Streetcars May Return to the Jewel City
March 23, 2017
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Streetcars may be making a local comeback.
The cities of Glendale and Burbank could be borrowing ideas from the past to improve their future, as Los Angeles County was recently granted $4.5 million by the Southern California Association of Governments (SCAG) for plans to improve public transit. This isn’t a promise that we will see the return of streetcars in the near future, but a grant to study the feasibility of the project.
SCAG will allocate $200,000 to Glendale and Burbank to explore green initiatives and public transportation alternatives.
The proposed route would start in Burbank at the cross-section of Glenoaks Boulevard and Woodbury Road. It would travel southeast to Glenoaks and Brand Boulevard, then travel farther south via Brand and end near Tropico.
“Ideally, by this time next year we’d actually have a pretty well-defined project that we would be seeking federal funding for,” Glendale City Manager Scott Ochoa said.
Justin Robertson, planning assistant for the city of Glendale, told the Glendale News-Press, “There is an opportunity [with SCAG funding] that has been long recognized to add sort of a high-quality transit backbone through Glendale, the way there used to be.”
Robertson is referring to the Glendale-Burbank suburban rail service that used to run to downtown Los Angeles. It was discontinued in June 1955.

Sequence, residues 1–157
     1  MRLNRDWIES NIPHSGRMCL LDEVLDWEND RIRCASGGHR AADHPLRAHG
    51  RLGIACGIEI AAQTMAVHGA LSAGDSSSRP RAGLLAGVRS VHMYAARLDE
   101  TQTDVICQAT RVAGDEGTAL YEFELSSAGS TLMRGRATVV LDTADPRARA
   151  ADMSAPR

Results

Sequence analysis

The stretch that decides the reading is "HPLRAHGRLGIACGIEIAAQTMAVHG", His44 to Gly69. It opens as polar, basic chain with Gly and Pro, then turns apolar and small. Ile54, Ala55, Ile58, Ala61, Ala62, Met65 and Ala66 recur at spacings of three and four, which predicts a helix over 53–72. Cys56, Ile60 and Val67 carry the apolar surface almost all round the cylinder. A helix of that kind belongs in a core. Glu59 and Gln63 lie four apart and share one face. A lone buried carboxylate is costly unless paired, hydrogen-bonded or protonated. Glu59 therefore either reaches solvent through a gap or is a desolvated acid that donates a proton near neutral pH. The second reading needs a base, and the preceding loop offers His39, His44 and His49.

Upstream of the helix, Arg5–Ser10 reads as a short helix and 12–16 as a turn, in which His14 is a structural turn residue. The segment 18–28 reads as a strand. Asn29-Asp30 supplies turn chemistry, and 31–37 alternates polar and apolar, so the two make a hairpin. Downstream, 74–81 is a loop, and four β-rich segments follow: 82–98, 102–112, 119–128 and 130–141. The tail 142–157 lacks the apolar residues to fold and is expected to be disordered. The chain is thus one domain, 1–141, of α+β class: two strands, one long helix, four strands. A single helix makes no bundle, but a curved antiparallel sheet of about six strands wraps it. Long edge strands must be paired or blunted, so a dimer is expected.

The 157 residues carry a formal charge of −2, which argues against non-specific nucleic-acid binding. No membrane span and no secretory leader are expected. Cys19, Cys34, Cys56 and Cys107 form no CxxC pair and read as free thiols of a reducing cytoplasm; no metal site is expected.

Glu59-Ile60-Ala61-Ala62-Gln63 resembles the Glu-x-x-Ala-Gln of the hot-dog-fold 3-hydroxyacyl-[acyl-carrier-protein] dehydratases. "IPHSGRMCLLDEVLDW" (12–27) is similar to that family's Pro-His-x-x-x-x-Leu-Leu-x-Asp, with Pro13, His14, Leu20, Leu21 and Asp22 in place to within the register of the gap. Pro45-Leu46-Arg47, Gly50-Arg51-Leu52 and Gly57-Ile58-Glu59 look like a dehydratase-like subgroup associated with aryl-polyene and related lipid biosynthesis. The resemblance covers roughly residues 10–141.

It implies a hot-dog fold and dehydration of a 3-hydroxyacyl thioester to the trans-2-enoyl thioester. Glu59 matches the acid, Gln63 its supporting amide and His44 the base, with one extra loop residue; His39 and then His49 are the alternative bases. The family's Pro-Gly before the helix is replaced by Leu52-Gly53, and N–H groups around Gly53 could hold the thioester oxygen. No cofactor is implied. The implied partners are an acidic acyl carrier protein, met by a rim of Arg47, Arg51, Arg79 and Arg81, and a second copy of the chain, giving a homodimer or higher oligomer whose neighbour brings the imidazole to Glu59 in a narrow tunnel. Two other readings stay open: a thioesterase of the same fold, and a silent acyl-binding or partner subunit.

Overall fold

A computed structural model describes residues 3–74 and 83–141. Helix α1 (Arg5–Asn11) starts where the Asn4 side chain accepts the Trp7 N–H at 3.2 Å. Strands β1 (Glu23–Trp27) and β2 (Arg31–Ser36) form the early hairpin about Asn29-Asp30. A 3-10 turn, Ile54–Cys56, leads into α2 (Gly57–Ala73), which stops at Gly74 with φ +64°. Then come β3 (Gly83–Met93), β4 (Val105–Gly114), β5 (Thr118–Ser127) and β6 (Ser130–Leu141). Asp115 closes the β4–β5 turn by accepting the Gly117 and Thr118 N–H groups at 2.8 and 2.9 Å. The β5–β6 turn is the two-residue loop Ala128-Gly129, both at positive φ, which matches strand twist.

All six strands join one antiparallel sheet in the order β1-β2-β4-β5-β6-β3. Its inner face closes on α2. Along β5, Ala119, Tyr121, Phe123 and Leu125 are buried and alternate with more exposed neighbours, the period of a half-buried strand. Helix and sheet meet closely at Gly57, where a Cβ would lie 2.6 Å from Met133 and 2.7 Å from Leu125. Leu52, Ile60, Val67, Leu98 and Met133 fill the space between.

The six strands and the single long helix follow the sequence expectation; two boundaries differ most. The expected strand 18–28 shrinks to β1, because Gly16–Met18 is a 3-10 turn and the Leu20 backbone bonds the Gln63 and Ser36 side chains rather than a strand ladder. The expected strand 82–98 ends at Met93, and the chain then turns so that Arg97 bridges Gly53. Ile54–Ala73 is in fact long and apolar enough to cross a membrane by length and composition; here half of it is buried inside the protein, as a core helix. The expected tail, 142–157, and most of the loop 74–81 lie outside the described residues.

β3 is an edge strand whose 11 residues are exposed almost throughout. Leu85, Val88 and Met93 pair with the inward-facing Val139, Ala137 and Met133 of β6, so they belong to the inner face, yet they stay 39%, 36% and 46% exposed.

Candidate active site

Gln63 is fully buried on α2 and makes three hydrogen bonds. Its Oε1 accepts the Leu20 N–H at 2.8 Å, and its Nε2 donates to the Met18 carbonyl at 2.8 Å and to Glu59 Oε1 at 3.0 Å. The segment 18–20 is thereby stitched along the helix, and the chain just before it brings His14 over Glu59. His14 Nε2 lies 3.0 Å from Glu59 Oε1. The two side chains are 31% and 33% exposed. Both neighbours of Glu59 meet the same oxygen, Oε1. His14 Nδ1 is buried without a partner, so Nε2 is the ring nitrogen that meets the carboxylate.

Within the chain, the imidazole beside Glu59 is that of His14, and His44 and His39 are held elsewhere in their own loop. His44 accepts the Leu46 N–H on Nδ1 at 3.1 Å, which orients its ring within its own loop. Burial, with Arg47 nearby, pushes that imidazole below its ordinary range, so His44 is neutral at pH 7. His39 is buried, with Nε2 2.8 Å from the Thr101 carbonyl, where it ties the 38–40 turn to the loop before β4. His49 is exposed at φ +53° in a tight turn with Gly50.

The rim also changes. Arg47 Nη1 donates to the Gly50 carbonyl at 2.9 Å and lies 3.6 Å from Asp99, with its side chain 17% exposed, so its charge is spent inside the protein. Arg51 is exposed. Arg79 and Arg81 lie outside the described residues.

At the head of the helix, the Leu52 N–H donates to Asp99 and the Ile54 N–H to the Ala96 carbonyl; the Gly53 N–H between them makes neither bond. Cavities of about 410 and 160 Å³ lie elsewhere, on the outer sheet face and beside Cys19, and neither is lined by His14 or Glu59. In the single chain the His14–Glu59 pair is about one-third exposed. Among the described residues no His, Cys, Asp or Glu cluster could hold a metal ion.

In 1993, a similar plan to reinstitute the streetcar system was blocked when an environmental report by a consultant for the Los Angeles County Transportation Commission suggested that it would increase traffic congestion and be a “visual blight” in the region. LACTC has since merged with the Los Angeles County Metropolitan Transportation Authority (Los Angeles Metro).
Despite the 1993 study, Ochoa feels optimistic that the opinion toward mass public transit has evolved from that of the car-culture Angelenos of the early nineties.
“I think as the new urbanism has really taken root in this region,” said Ochia. “The appreciation for transit and mobility has evolved. I think we have the opportunity and obligation to say, ‘Yes, the future of Glendale is going to rely a great deal on smart growth of mobility and transit.’”
Students Gregory Josephbek and Erwin Tsatourian call trolleys an interesting idea, but are slightly disappointed that the proposed route won’t make it to the Glendale Community College campus.
“It’s cool, but it doesn’t make it all the way to the school, so it doesn’t matter to me,” Josephbek said.
While the city is pursuing the concept of reintegrating the streetcar into the public transit system, Glendale is collaborating with Los Angeles Metro so the light rail, subway, and bus systems work in tandem to expand the productivity of the county’s mass transit system as a whole.
Ochoa explained that there is already an environmental study in progress that will examine the practicality of two new light-rail stations along the west side of Glendale and increase Metrolink service to Downtown Los Angeles. “The idea is to have [the potentially new light-rail stations] as a large spine for rail connectivity and use streetcars as the local circulator,” Ochoa said.
The streetcar route won’t make it to the college, but it will potentially plug the public transit gap that city officials feel have been a persistent issue for the region.